Domestic inter-company transactions are transactions between two taxable resident persons, which are:
- Related in terms of capital, management or supervision by virtue of one resident, directly or indirectly, holding 25% or more of the value or number of shares, equity holdings, control, supervision or voting rights of the other resident; or controlling the other resident pursuant to a contract in a manner that is different from relationships between non-related parties, or
- The same legal or natural persons or their family members directly or indirectly hold 25% or more of the value or number of shares, holdings, control, supervision or voting rights; or control the residents on pursuant to a contract, in a manner that is different from relationships between non-related parties.
c) For EU countries, is the content of the documentation similar to that described in the EU Code of Conduct on transfer pricing documentation for associated enterprises (“EU TPD”)? If not, are taxpayers entitled to choose between the local requirements and the EU TPD?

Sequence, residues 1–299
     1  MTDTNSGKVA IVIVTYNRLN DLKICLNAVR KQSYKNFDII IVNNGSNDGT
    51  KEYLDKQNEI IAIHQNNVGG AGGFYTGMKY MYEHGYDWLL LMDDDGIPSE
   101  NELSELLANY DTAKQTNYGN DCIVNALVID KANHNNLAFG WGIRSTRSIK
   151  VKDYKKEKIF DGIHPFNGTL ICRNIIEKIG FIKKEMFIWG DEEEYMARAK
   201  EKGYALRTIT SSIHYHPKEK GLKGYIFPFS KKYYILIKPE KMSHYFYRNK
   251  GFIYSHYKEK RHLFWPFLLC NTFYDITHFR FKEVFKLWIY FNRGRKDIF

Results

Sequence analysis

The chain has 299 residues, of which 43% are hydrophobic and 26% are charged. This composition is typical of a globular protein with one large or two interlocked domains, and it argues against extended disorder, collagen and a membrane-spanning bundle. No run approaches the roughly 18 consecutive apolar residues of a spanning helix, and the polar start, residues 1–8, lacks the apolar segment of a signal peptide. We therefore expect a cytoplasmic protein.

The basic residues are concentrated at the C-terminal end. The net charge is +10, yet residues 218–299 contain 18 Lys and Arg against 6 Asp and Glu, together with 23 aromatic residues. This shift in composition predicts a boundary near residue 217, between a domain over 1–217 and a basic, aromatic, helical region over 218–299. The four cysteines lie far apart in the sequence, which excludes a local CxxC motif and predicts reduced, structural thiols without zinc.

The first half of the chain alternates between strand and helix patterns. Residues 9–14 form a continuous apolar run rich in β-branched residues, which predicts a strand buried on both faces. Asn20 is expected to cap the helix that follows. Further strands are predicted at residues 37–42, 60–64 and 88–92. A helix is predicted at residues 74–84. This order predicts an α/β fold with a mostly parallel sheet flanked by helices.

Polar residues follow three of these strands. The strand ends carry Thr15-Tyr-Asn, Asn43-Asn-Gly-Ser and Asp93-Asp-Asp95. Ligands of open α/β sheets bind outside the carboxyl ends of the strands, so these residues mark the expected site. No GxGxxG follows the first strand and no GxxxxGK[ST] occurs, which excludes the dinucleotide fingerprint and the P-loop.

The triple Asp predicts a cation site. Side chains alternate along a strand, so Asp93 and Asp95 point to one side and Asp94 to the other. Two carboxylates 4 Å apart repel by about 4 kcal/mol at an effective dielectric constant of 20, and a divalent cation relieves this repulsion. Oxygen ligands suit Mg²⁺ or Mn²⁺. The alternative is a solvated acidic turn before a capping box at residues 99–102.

The local provisions on transfer pricing documentation follow the EU TPD.
d) Do taxpayers which are not established in your jurisdiction need to undertake to provide any specific information upon request?
Yes, under the exchange of information provisions of tax treaties.
Can your tax authorities require the taxpayer in your jurisdiction to provide information which is located in another state?
Yes, the taxpayer should provide the relevant information, regardless of where it is kept.